State cracks down on banned Airbnb rentals
Vermont state officials on Monday specifically called out owners of Airbnb properties, saying online bookings are banned.
We found out why the extra guidance was needed. Our search early Monday afternoon located 300-plus listings in Vermont claiming to be available to rent from today through April 15.
A concerned viewer sent us this listing in Dover that-- as of four days ago-- had been advertising to out-of-staters to come to Vermont to "shelter in place" and giving special rates. That ad's wording had been changed when we looked at it on Monday, but the listing remained open for reservations.
We also found a couple of other listings that appeared to have been doing similar marketing that had since taken down COVID-specific language. Both now appear to be in compliance.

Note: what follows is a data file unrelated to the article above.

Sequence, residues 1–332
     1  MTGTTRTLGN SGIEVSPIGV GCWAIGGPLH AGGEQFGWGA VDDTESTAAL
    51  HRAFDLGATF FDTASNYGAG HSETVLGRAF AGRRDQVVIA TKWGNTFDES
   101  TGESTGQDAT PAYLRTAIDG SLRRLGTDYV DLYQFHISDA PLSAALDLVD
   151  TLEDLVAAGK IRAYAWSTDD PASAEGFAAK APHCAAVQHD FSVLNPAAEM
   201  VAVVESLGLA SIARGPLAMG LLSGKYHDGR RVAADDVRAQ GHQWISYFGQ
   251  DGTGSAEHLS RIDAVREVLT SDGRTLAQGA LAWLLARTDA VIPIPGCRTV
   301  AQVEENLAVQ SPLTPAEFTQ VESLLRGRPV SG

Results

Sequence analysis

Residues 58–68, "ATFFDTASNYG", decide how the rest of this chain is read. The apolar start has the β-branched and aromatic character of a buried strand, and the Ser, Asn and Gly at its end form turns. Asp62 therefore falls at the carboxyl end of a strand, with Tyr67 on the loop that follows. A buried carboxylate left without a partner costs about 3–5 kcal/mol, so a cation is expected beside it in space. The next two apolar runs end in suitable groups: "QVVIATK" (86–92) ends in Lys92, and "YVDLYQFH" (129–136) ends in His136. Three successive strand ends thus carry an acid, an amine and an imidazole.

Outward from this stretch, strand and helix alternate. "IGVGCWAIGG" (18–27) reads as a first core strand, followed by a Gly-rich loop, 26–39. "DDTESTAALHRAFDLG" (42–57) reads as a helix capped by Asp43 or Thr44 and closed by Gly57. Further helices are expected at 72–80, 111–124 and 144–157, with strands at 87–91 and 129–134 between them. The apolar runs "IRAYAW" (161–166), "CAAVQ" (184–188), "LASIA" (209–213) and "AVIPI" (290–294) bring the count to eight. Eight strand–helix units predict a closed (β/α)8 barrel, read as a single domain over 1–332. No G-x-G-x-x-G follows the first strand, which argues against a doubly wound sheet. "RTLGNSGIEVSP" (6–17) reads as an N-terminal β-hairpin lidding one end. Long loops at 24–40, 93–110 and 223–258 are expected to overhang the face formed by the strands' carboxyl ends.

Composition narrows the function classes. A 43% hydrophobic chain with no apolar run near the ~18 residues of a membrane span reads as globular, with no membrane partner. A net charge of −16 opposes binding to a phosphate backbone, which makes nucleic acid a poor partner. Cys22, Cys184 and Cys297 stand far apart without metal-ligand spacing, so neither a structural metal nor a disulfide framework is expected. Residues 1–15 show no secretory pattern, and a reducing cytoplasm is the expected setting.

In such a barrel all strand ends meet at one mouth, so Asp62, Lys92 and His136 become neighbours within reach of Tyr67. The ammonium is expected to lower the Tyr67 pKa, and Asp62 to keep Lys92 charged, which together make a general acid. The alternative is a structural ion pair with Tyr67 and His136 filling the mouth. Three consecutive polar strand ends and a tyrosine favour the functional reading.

Vermont Public Safety Commissioner Michael Schirling said the message to Airbnb owners is clear.
"With the additional clarity that was issued, uh, today we fully expect Airbnb, uh, operators if you know them, if you're listening, you need to shut down your operations. We will begin monitoring for online postings, uh, this week and will be making referrals for contact with the attorney general's office thereafter," Schirling said.
He says Airbnb is also supposed to provide additional clarity on Monday.
Airbnbs are allowed to remain open if they are opening up their spaces to COVID first responders. We found at least one listing in Vermont that claimed to be doing that.
Airbnb told us they won't know the full list until Tuesday.
The company is allowing customers to cancel reservations without charge.
During a conference call on March 30, the company's CEO pledged $250 million to offset the refunds.
In addition to that, a $10 million "super hosts" relief fund was set up to offer grants to hosts in financial straits with rent or mortgage.
They will also allow donations from guests interested in helping hosts